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Do you change yourself to try to fit in? Or do you try to change the culture to make it more inclusive for people like you?

It's a question for everyone who has ever been in the minority at work.

Consider this scenario:

Imagine a man walking into his first PTA officers meeting. He's the new PTA vice president. As a partner in a big accounting firm, he's probably been to a million meetings in his life. But this one is different. He can't quite put his finger on why. What is it, he wonders? There's an agenda, the team works through the items, people make comments, they take a few votes, it's all normal meeting stuff. But something feels odd. Is it the pace, or the way they discuss things? He can't figure it out.

He agreed to be the VP because his neighbor, the PTA president, asked him. She was pretty forthcoming about why. "All the officers are women; we need more men" she said. "You're a high-profile, outgoing guy. Your presence will help us attract more men."

He didn't hesitate. As a dad who loves to support his kids and community, this was the perfect volunteer opportunity. Besides, he was used to working with women at work and at home. So what if he was going to be the only guy?

The group certainly welcomed him warmly for his first meeting. So, why did it feel so off? It took him a while, but he began to realize, it was subtle things. People told personal stories to support their points. They laughed more than at most meetings. They didn't interrupt; they listened to each other intensely. When someone was quiet, they asked what she thought. They discussed things deeply, yet somehow they moved between items more rapidly than most meetings he attended. It seemed haphazard, but they got everything done on time, then lingered to socialize.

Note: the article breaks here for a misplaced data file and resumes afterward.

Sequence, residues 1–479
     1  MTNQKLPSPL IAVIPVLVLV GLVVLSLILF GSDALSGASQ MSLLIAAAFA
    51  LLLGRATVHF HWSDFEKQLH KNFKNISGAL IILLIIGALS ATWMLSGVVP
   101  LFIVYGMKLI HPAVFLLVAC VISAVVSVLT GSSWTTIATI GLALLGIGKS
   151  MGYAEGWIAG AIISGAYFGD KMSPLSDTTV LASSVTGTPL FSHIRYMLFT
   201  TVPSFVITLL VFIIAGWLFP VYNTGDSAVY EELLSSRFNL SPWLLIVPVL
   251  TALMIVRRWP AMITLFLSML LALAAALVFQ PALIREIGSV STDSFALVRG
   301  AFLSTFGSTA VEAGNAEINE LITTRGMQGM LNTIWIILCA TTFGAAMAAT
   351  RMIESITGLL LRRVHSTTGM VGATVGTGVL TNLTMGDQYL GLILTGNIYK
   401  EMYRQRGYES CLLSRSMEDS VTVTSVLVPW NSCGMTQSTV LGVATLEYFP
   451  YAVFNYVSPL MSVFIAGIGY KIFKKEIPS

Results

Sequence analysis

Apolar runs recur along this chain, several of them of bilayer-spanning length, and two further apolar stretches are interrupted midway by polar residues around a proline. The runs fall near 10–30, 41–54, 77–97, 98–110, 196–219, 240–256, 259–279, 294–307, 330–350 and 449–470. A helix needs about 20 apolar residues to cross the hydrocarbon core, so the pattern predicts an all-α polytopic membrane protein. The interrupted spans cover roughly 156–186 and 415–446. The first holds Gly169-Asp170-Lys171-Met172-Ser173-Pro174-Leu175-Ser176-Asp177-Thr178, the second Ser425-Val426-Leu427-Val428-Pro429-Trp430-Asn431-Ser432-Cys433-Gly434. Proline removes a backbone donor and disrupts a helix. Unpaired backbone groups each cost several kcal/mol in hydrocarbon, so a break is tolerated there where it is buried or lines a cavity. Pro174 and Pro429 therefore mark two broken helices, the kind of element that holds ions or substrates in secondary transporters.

Afterwards, he asked the president, "Are all the meetings just like this?" The president, who was also a businessperson said, "Yes, why do you ask?"

He cited the differences he'd noticed. The president laughed and said, "Welcome to a world where women aren't adjusting their behavior for men." She went on, "When the default model is female, we can be our natural selves. In a male-dominated workplace, we make all kinds of micro adjustments to fit it."

The man said, "Wow, I had no idea." He thought for a minute and asked, "Should I try to change my behavior?" The president said, "It might be an interesting experiment." To his credit, at the next meeting, the man tried adjusting himself to the new normal. Afterwards he told the president, "That was really hard. Instead of focusing on my ideas, I'm thinking about how to modulate my voice, adjust my posture, frame my points in a softer way, everything! It's exhausting. I'm so worried about my perception, it's lessening my contribution."

This is a true story. The man is my friend. He's a great guy and this experience made him an even better leader. He says, "Everyone should experience being the minority. You have no idea how much people are adjusting, and how exhausting it is, until you do it. Now I help my team challenge our norms, and I'm more sensitive to our defaults."

He was brave enough and smart enough to try being the minority; how about you?

And in case you're wondering, yes, the president was me.

Lisa McLeod is a keynote speaker and consultant who helps leaders increase competitive differentiation and emotional engagement. She is the author of the bestsellers Selling with Noble Purpose and Leading with Noble Purpose.

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